Editorial for Wesley's Anger Contest 4 Problem 3 - Squirrel Tag

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Author: aeternalis1

First of all, note that since Michael moves faster than all of the squirrels, a solution is guaranteed to exist (and hence some optimal solution exists).

Subtask 1

In this subtask, all squirrels remain on the x-axis during the game of tag. The "intended" greedy solution involves trying to catch all the squirrels to the left of the origin before all the squirrels to the right, and vice versa, but sadly I cannot prove its correctness (with the exception of proof by AC).

Time Complexity: \mathcal{O}(N)

Remark: For the next two subtasks, note that any optimal solution will involve catching the N squirrels in some order. There can be several such orders, but no matter what, Michael will inevitably have to catch the squirrels in some order.

Now let's convince ourselves that an optimal solution is always found if Michael catches each squirrel as quickly as possible before the next squirrel in this order. Let an optimal solution be such that Michael catches the squirrels in the order (s_1,s_2,\dots,s_n) and catches each squirrel at the respective point ((x_1,y_1), (x_2,y_2), \dots, (x_n,y_n)) at times (t_1,t_2,\dots,t_n). Now suppose that in this optimal solution, Michael is capable of catching some squirrel s_i at some time T < t_i, and he can catch it at the point (x,y). Then, since Michael runs faster than all the squirrels, he can run to (x_i,y_i) before t_i (since s_i, on its normal course, would be there at t_i), and we see that a solution in which Michael catches each squirrel as soon as possible is at least as good as this optimal solution, and thus must be optimal itself.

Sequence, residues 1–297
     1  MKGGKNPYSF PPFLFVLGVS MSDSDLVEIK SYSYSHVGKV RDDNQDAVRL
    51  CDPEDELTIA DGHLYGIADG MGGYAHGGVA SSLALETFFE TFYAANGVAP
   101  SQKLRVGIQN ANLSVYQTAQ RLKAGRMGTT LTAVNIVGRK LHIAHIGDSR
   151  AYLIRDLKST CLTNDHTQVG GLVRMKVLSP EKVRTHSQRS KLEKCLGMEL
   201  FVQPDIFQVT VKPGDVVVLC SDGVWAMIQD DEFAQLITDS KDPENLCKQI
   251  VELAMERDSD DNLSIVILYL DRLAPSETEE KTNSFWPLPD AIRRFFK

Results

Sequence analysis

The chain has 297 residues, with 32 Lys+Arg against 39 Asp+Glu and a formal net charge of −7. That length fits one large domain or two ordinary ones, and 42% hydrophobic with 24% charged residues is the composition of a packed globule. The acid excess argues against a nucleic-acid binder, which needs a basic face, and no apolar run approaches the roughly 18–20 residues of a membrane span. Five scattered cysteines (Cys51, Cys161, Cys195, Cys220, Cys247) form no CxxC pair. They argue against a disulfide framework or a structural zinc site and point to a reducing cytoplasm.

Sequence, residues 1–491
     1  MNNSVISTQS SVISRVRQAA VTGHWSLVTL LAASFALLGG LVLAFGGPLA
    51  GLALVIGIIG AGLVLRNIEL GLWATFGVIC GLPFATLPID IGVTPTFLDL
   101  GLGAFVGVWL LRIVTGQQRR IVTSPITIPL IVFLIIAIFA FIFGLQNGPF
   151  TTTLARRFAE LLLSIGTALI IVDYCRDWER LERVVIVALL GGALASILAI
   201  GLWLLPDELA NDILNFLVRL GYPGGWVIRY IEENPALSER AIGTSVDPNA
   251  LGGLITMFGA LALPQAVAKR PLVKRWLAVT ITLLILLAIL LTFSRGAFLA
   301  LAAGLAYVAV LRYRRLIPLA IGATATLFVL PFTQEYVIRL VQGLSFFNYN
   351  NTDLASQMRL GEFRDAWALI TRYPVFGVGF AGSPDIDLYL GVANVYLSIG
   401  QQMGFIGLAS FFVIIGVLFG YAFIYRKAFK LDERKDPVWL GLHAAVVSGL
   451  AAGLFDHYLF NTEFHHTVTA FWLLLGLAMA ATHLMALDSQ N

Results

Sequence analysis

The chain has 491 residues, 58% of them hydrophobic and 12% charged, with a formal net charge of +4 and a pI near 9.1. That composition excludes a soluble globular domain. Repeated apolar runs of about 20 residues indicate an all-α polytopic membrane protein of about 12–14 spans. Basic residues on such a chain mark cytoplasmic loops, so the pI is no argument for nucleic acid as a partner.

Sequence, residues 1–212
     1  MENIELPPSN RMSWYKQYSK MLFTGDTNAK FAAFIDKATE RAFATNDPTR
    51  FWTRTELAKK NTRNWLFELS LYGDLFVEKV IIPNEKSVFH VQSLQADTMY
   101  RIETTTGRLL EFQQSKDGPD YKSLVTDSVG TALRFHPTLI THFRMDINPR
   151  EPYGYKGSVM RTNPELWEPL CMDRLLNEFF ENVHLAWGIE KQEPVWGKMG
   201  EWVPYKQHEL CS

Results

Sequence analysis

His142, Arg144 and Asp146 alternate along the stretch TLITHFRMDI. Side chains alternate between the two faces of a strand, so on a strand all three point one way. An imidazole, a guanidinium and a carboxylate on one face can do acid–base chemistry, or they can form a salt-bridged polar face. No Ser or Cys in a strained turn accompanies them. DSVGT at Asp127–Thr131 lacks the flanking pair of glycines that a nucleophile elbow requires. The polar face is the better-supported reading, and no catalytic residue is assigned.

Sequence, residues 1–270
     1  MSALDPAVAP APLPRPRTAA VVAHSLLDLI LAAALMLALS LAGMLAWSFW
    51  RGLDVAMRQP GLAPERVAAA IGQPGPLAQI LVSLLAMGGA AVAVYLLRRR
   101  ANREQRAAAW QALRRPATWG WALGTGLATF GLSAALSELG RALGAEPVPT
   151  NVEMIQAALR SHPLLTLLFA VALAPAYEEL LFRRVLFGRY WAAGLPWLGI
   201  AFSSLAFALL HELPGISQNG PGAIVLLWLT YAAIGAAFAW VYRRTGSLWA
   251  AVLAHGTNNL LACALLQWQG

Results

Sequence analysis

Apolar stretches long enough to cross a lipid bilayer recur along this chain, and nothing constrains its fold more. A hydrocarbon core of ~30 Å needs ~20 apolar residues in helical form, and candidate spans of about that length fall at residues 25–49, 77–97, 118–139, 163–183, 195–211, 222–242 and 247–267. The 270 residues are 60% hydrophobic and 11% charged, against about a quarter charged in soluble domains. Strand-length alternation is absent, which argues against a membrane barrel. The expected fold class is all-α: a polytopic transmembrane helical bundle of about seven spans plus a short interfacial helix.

Subtask 2

For subtask 2, with constraints 1 \le N \le 8, we have bounds small enough to permit checking every possible order: all N! of them. Then, it only remains to find how much time it takes to travel from squirrel to squirrel, which can be done via intermediate math or binary search, left as an exercise.

Time Complexity: \mathcal{O}(N \cdot N!) or \mathcal{O}(N \cdot N! \cdot \log(10^{15})) [1]

Subtask 3

Subtask 3 was simply the improvement from factorial to exponential time, the well-known travelling salesman problem. The most popular solution is to represent each state as a pair of the most recently tagged squirrel and a bitmask representing which squirrels have been previously tagged. Constraints were made to permit binary search to pass (since this isn't a math competition, after all).

Time Complexity: \mathcal{O}(N^2 \cdot 2^N) or \mathcal{O}(N^2 \cdot 2^N \cdot \log(10^{15})) [1]

[1] Note that \log(10^{15}) is slightly misleading since you'll be binary searching decimal numbers, so you'll require somewhat more iterations to achieve the required precision, but it's a fair ballpark.


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